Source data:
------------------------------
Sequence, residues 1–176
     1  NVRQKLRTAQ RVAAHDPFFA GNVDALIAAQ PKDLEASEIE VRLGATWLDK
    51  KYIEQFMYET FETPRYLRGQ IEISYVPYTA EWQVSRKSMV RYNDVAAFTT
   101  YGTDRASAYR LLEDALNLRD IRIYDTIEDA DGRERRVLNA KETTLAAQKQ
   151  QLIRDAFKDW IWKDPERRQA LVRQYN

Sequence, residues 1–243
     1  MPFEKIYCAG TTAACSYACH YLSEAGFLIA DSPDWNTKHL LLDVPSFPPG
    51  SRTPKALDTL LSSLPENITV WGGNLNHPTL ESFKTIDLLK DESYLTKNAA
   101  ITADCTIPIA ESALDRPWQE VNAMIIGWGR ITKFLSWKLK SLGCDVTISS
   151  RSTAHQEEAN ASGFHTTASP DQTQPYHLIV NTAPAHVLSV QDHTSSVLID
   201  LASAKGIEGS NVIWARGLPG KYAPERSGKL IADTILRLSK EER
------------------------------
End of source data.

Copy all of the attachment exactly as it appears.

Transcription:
Sequence, residues 1–176
     1  NVRQKLRTAQ RVAAHDPFFA GNVDALIAAQ PKDLEASEIE VRLGATWLDK
    51  KYIEQFMYET FETPRYLRGQ IEISYVPYTA EWQVSRKSMV RYNDVAAFTT
   101  YGTDRASAYR LLEDALNLRD IRIYDTIEDA DGRERRVLNA KETTLAAQKQ
   151  QLIRDAFKDW IWKDPERRQA LVRQYN

Sequence, residues 1–243
     1  MPFEKIYCAG TTAACSYACH YLSEAGFLIA DSPDWNTKHL LLDVPSFPPG
    51  SRTPKALDTL LSSLPENITV WGGNLNHPTL ESFKTIDLLK DESYLTKNAA
   101  ITADCTIPIA ESALDRPWQE VNAMIIGWGR ITKFLSWKLK SLGCDVTISS
   151  RSTAHQEEAN ASGFHTTASP DQTQPYHLIV NTAPAHVLSV QDHTSSVLID
   201  LASAKGIEGS NVIWARGLPG KYAPERSGKL IADTILRLSK EER